Jul 072014

Neymar’s absence from the rest of the World Cup has turned into a national crisis. Even Brazil’s president Dilma Rousseff chimed in with this message for the main man, in what a cynic might see as a political move to get fans onside ahead of October’s elections…


The worrying thing is that no one seems to have a confident answer when asked about the team without Neymar. Even more worrying is the prospect of playing the match versus the stubborn but intelligent Germanness of Germany, without one of the best defenders in the world, Thiago Silva.

To make things even worse, these two key members of the Seleção bring much more than their footballing skills in their respective positions, they also play vital roles for their team.

Thiago Silva is Brazil’s captain, and in his own way, a leader. Possibly not in the traditional sense, as was evident from his nervous delivery of the pre-match message to the crowd before the Colombia game, but he’s definitely respected by his peers for his abilities on the pitch.

He brings a much needed air of sanity to Brazil’s defence, which in turn gives it some organisation and something resembling structure. He can also be found covering all across the back four for his three team-mates who like to roam forward.

Silva’s leadership is often criticised, not least after the penalty shootout tears versus Chile, and rumours that he wasn’t willing to take one himself. Legendary Brazil defender Carlos Alberto Torres commented that “In Brazil, we expect our captains to illustrate strong postures”, but whilst David Luiz-esque bursts of emotion go down well with onlookers, Brazil need a calm head amongst their group of emotional wrecking balls.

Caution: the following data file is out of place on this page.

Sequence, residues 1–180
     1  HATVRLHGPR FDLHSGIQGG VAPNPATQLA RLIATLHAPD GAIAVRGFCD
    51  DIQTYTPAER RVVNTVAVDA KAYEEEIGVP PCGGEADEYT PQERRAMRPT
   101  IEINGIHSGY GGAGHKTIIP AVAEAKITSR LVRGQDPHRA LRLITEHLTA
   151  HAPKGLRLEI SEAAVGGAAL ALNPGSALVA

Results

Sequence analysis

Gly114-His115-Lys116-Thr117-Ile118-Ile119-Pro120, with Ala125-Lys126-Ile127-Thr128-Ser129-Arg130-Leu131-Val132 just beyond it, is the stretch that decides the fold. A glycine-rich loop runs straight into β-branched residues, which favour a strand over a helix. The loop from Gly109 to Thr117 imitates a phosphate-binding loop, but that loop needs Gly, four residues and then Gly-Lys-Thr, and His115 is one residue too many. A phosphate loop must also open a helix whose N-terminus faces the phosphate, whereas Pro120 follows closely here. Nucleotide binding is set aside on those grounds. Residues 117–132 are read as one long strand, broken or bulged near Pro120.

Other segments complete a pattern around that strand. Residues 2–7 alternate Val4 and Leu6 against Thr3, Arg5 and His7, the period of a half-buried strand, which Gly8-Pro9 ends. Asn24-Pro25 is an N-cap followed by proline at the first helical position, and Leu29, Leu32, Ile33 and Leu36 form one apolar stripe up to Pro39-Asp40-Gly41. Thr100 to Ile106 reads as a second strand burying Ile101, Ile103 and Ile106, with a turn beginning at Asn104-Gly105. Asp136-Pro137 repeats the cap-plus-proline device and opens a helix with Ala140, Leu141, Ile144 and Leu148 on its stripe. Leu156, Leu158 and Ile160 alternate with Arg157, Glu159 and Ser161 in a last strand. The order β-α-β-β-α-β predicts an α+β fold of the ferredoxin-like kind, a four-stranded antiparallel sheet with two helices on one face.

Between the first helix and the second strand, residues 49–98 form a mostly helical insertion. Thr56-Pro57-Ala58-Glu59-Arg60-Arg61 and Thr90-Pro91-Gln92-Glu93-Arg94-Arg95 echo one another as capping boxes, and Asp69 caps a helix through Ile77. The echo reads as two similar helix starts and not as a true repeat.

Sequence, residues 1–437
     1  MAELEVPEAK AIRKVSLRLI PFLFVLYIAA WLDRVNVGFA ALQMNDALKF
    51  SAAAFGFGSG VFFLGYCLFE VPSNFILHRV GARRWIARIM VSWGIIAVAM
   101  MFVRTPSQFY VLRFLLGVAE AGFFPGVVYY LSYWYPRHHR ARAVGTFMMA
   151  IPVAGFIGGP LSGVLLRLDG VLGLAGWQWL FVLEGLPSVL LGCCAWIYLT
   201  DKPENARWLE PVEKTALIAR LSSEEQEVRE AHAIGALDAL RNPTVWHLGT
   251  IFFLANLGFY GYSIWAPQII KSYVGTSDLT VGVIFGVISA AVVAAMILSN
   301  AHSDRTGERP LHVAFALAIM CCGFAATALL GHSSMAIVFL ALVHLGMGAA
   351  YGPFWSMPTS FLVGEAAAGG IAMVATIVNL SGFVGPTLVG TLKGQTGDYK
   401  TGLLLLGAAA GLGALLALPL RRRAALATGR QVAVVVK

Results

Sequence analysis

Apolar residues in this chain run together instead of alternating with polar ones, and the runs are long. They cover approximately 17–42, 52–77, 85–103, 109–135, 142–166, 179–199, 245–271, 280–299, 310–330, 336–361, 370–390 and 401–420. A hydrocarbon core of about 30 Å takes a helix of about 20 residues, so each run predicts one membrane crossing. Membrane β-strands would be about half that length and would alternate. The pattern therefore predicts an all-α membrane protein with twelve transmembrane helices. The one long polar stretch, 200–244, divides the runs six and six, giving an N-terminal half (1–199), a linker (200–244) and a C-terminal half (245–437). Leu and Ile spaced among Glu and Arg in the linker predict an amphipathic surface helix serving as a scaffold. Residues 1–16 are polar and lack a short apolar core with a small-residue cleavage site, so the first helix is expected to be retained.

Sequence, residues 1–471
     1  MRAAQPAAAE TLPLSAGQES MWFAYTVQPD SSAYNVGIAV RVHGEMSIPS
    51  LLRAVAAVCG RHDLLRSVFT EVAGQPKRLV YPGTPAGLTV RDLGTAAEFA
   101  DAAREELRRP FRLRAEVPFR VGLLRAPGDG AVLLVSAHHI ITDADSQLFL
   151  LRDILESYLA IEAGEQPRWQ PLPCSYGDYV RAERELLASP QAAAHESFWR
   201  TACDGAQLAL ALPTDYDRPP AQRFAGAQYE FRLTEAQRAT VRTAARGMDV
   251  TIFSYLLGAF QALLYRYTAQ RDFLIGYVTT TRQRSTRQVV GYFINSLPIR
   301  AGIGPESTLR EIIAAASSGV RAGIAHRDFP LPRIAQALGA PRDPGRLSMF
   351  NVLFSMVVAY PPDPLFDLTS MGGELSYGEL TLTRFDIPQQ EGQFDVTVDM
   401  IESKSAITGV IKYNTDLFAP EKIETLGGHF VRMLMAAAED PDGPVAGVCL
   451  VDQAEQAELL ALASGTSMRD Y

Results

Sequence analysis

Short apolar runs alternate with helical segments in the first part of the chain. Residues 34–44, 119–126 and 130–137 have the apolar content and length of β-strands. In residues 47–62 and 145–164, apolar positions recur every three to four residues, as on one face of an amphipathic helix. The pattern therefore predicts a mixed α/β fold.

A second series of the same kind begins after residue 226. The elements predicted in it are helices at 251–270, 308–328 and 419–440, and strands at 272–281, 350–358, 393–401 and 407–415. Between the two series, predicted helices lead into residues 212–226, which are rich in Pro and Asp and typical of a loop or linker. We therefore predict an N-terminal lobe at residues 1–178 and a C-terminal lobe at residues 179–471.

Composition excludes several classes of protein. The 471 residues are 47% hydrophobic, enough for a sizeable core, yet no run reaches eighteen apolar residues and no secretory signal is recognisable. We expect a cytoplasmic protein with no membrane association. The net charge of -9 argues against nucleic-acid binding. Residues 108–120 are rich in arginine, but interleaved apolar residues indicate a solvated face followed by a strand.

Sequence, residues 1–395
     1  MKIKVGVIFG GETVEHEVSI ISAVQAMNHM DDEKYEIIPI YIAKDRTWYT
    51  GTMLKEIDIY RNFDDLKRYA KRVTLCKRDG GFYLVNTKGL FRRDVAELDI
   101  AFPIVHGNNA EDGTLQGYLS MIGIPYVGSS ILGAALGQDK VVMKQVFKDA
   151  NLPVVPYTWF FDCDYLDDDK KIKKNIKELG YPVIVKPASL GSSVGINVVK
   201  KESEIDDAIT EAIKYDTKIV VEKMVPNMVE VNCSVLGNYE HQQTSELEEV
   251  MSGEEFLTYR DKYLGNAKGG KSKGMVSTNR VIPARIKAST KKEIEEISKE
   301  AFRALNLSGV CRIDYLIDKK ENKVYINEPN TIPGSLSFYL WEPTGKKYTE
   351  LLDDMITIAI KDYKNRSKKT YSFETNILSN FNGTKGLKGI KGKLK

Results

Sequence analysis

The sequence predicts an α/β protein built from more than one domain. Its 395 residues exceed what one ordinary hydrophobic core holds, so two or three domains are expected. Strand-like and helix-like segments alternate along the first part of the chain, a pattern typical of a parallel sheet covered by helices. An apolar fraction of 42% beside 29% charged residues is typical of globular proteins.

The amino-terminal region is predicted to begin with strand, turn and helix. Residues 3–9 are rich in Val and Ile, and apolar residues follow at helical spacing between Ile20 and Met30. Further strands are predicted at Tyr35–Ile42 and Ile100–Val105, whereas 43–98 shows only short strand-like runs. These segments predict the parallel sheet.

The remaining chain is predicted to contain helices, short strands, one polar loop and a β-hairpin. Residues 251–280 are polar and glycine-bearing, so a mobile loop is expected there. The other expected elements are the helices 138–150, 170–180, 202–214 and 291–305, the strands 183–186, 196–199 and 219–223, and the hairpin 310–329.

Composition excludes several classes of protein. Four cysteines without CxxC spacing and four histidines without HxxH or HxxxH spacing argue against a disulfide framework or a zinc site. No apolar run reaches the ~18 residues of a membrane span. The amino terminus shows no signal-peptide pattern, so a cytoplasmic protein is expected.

Thiago Silva’s absence means two roles will need to be replaced. His world class defending, and his unique brand of captaincy which is ideally suited to Brazil

If Thiago Silva is there to steady the ship, then Neymar was there to guide the Brazilian vessel to the cup. The undoubted star of this side, the Barcelona man has had little in the way of star quality supporting him in the World Cup, but so far the team has been set up primarily to get the best from its number ten with other players being forced to play supporting roles.

Now he’s out of action, someone else could step up as the system is geared towards a team unit rather than an individual player. Like Silva, Neymar needs replacing both in terms of football ability, and the role he plays as talisman, attacking weapon, and the hope of a nation.

Broad shoulders are required, and whilst Willian is likely to come into the team Neymar’s spiritual replacement could lie elsewhere in the squad. Whoever steps up will require nerves of steel, a connection with the fans, and enough footballing ability to become Brazil’s new Craque.

Its a mammoth task, and the pressure faced by the players has been ramped up as they reach the last week of this historical tournament. Heroes or scapegoats will be made during the next few days, and new roles will need to be forged for those players facing Germany in the semi-final.

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